Since decoction requires the malt to be boiled, you can get a whole lot more of the starches very well gelatinized -- basically making a starch soup -- which then when added back into the "main mash" (which is the liquid portion), the enzymes can take action more readily, which can improve your efficiency by quite a bit. On my decoctions I've seen a jump in efficiency of 5-10%.
Other than that, yeah, you can get darker color if you boil the decoction for a long time. But this isn't necessary either. I usually only boil for like 10 minutes which gives you all the benefits without extending the brew day by much, and not darkening as much either.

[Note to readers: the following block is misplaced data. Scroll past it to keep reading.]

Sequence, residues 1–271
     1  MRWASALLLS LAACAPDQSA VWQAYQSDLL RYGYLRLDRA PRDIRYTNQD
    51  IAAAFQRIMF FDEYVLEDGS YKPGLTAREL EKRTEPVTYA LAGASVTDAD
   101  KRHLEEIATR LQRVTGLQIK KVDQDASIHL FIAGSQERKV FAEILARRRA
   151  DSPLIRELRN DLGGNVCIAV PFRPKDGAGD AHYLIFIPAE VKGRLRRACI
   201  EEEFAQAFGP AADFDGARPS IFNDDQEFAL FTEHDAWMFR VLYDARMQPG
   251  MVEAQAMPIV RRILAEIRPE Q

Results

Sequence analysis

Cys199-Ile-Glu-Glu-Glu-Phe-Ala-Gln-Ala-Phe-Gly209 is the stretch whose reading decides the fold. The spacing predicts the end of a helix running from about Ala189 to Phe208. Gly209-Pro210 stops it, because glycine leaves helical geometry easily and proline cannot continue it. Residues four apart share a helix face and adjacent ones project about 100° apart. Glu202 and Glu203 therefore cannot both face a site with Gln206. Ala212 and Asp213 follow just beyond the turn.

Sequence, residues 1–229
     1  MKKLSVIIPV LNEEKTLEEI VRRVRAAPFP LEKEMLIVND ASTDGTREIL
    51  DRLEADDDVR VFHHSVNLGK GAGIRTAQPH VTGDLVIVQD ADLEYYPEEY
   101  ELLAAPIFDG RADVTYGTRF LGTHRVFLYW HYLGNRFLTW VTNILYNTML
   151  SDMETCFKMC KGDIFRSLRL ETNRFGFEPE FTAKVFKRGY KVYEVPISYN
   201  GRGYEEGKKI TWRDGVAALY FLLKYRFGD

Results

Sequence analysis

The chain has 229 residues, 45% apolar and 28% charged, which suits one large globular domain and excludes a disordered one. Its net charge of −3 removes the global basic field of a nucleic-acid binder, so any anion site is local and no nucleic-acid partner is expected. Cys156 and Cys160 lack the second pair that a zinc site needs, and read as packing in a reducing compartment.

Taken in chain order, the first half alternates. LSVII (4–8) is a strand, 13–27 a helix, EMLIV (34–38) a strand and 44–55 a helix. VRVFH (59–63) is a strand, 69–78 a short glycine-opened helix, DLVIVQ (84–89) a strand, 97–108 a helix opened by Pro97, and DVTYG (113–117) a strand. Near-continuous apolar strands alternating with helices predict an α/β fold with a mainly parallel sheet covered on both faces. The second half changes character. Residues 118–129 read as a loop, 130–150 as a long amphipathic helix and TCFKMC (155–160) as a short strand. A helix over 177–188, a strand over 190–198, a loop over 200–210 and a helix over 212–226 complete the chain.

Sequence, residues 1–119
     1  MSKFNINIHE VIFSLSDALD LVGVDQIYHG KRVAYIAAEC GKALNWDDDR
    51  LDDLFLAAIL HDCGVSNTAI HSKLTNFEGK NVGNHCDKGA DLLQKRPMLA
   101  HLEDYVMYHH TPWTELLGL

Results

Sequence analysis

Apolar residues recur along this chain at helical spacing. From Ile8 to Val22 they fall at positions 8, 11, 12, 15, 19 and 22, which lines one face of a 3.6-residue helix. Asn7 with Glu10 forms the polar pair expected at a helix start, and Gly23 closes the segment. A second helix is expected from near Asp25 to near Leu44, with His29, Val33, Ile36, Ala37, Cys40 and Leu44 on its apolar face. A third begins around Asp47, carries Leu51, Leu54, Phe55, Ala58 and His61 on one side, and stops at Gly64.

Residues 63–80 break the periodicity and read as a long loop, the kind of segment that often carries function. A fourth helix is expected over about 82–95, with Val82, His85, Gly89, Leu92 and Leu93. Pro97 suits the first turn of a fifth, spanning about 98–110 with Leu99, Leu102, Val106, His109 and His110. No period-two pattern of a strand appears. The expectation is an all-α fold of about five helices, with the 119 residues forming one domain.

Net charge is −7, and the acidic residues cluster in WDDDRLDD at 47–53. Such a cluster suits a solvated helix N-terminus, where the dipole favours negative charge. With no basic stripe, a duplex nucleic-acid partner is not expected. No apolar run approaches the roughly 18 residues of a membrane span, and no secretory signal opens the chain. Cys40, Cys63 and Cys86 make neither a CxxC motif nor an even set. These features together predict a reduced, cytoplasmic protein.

Overall....... while I've tried decoction and I understand its uses... I don't do it anymore. It's sort of fun to experiment with, but it's just really not necessary with the well modified malts we have in the 21st century. Decoction was more useful hundreds of years ago when malt quality was not as great. Now if you go shopping for undermodified malts, you just really can't find it anywhere. I know -- I've looked, many times. Fact: Any so-called "undermodified" malts sold today actually aren't.